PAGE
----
Paying duty becomes a duty
With upgrades due to be eliminated early next year, next up on Autodesk's chopping block is the perpetual license. Here is the exchange from a recent conference call with financial analysts (reproduced with permission of Seeking Alpha):
Matt Hedberg (RBC Capital Markets): Carl, I'm wondering, when might you eliminate perpetual sales? And maybe more generically, what is the framework for eventually pulling this license option?
Carl Bass (Autodesk): I'll ask you Matt, what do you think is a good timeframe to do that?
Matt Hedberg: I would certainly probably depend on the products, but the market generally wants it-- seems to be wanting it sooner than later.
Carl Bass: We’ve been looking at considering it seriously, and we’ll talk again a little bit more about this in October [at Autodesk's annual conference for financial analysts] what our plans are. Right now, we have a fair amount of transition going on in the business with the elimination of the upgrades and certainly inspiring people to action. But as we move into next year, we’ll have more to say on that.
The advantage goes to CAD software companies like Bricsys, whose new marketing campaign emphasizes choice.
I wonder what Mr. Hedberg means by "The market wants it"
I haven't written a letter saying, "Dear Autodesk, I'm a self employed, providing design/drafting services on Odesk. Even though I only use AutoCAD occasionally for translation and legacy support and can't justify the $1250 per year for the dozen or so enhancements in 2017, what I really want is to not be able to use it at all. Up until now, I've generally avoided Draftsight professional because it implements LISP poorly and VBA not at all, but if you were to turn my software kit for AutoCAD 2016 into a souvenir coaster and ant farm, that would motivate me to convert my customization to C++ so that Draftsight was a more capable platform. Having done that, I will certainly avoid considering an Autodesk upgrade or purchase in the future. Given that your trend has been to systematically erode the value your customers secure when they pay a licensing fee, I think I'll feel good about the decision in the long run."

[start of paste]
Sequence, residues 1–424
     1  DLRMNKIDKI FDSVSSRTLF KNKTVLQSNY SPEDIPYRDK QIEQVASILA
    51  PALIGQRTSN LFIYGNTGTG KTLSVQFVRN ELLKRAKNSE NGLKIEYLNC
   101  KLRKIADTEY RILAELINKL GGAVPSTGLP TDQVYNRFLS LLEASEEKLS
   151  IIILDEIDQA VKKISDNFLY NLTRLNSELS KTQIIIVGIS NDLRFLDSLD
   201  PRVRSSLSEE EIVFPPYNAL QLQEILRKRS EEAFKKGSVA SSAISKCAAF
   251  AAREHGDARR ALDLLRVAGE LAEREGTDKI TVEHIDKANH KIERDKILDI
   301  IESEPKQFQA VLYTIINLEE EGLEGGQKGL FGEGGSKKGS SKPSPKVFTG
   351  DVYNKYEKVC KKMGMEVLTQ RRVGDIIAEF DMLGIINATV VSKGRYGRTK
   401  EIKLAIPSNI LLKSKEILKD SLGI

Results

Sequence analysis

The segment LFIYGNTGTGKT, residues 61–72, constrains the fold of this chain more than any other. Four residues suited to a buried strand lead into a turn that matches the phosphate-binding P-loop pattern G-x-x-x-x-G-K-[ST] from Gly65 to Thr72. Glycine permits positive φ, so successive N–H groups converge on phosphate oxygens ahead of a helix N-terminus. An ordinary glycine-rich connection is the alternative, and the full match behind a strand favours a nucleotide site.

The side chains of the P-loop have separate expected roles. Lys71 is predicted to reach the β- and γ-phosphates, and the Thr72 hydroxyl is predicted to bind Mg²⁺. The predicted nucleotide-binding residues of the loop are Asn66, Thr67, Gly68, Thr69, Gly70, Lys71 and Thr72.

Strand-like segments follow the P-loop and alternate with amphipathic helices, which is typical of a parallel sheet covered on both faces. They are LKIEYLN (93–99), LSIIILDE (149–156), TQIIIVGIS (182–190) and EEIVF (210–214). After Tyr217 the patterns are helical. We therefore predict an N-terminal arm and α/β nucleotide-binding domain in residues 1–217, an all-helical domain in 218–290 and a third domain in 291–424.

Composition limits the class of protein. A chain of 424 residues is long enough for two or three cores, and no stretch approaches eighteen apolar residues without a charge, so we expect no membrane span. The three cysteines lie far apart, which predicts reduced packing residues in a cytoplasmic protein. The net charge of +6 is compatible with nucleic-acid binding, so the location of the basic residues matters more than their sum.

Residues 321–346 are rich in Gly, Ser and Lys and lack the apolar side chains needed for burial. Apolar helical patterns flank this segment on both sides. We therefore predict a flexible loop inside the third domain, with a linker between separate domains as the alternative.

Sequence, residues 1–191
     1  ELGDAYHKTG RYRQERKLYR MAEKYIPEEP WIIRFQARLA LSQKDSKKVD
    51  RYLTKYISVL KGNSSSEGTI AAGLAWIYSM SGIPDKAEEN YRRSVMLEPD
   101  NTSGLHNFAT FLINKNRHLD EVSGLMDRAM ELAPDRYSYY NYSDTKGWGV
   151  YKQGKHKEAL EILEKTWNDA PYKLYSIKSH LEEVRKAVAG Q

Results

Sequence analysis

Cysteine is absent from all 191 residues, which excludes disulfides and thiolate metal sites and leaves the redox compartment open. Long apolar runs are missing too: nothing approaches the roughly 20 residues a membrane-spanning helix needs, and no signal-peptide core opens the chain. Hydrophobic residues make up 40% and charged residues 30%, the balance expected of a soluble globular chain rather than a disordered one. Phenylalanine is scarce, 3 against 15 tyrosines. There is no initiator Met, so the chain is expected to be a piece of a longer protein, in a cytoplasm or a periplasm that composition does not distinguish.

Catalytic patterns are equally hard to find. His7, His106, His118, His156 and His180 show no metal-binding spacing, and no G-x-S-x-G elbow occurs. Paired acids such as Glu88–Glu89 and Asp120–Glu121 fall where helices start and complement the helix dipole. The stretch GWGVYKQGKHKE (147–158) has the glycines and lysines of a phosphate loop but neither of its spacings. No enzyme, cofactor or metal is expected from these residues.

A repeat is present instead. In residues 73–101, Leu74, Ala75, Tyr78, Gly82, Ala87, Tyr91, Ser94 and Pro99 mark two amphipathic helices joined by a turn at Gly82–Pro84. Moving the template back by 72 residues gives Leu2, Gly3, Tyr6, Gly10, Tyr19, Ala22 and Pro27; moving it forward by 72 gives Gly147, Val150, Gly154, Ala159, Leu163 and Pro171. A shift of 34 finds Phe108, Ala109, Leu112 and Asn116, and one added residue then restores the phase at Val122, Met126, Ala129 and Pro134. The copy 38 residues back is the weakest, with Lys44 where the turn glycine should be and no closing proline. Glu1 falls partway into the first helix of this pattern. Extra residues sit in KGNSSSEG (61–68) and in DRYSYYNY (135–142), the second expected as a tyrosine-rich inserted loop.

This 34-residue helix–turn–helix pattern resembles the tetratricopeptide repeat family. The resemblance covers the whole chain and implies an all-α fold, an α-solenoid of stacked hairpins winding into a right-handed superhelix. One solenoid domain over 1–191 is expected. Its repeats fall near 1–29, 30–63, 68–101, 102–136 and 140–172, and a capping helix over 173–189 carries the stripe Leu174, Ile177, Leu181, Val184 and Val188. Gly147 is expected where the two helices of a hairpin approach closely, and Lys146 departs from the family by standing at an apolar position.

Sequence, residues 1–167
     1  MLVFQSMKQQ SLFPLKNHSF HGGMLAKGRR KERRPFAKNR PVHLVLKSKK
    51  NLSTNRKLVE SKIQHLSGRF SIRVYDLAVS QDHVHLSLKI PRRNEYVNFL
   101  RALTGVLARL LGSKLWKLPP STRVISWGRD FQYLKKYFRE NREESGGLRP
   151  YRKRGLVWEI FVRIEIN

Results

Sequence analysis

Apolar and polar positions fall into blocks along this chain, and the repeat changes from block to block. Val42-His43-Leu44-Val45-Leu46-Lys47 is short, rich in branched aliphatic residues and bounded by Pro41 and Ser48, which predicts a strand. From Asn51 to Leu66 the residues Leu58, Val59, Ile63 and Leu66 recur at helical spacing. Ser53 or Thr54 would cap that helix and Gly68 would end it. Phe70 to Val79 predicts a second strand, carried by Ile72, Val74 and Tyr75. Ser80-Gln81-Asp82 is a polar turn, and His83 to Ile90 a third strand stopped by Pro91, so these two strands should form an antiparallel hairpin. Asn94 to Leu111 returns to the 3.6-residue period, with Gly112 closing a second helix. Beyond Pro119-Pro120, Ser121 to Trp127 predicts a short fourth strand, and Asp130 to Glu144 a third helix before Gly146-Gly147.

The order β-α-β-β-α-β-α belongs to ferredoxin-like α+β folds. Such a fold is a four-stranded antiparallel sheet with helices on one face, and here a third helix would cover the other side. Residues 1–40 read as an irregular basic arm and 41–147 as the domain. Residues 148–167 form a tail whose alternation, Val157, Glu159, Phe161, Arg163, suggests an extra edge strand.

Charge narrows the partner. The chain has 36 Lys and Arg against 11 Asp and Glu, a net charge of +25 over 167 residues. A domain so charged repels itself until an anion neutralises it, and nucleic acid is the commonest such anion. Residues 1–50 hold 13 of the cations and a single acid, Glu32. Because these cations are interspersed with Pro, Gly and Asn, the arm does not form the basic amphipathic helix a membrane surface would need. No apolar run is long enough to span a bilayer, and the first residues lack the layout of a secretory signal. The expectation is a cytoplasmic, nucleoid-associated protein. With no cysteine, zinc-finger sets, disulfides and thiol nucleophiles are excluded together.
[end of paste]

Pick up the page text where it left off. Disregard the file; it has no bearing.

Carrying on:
-but I can imagine what it would sound like.
Posted by: John Burrill | Aug 28, 2014 at 06:54 PM
Autodesk customers on another forum are also discussing the end of perpetual licenses. You can read the comments at...
"Autodesk bullyboy tactics look to be getting worse"
Posted by: Ralph Grabowski | Aug 29, 2014 at 07:32 AM
Have you looked at the other AutoCAD clones such as DoubleCAD, Nanosoft, Graebert, and BrisCAD?
Posted by: TonyT | Aug 29, 2014 at 09:27 AM
I see the future - corporations own everything, customers just have rights to rent! They want to free us from any property! Imagine what happened when there is no money to pay the rent - you are left with nothing! Maybe the next step is to rent per click...
Posted by: tero mara | Aug 31, 2014 at 08:02 PM
Tony, I haven't really looked into DoubleCAD or BrycsCAD. After a couple of years away from AutoCAD, I've adapted most of my processes for Draftsight, so I don't have an urgent need for a full API-and since I use SolidWorks for the main part of my job, I don't really miss AutoCAD's 3D and rendering capabilities.
If I had a lot of work converting or improving DWG's, I'd probably look seriously for a better alternative to draftsight.
Posted by: John Burrill | Sep 03, 2014 at 06:46 AM
When Carl says "the market seeks it," the only market I can imagine seeking this is that of Matt Hedberg and his peers...
Posted by: Dylan Gondyke | Sep 05, 2014 at 10:29 AM
Well, to be fair, the financial analyst lobbed this at Carl Bass and as CEO, it's probably expected for him to have an answer for any inquiry-and nobody got rich saying, "never," to an idea. If Matt had asked, "When are we going to get tentacle porn in your software? The market really wants it," Carl would probably have said, "when do you want it?"
The good news is that, for now, corporate monsters are still motivated by money instead of human flesh, so they're only going to go where their paying customers will let them. The rental model has been brought up before, and with the same purpose, to put out feelers and gauge reactions and it wasn't technology that held it back, it was the attitude that, CAD is equipment and in the worst of circumstances, you can still pull your business up by its bootstraps if you have equipment to produce the goods. That's my attitude, so if I can afford it, I'll buy my license. On the other hand, I dwell pretty happily in the rental paradigm when it comes to my dropbox and netflix accounts.
Posted by: John Burrill | Sep 08, 2014 at 08:48 PM
The market wants it? Who is this guy? Certainly no one who has ever created anything on CAD.
Posted by: Craig Hildreth | Sep 10, 2014 at 03:10 PM
In the Oct 1 Autodesk Investor Day presentation, Andrew Anagost says they will stop selling perpetual licenses in the next 12 to 24 months, starting with LT. A slide they show says "Removal of Perpetual Purchases Fuels Long Term Growth".
Posted by: Kent | Nov 20, 2014 at 03:45 PM
Re: earlier post
Andrew spells his last name as Anagnost, I left the second n out in the first post.
Posted by: Kent | Nov 20, 2014 at 03:46 PM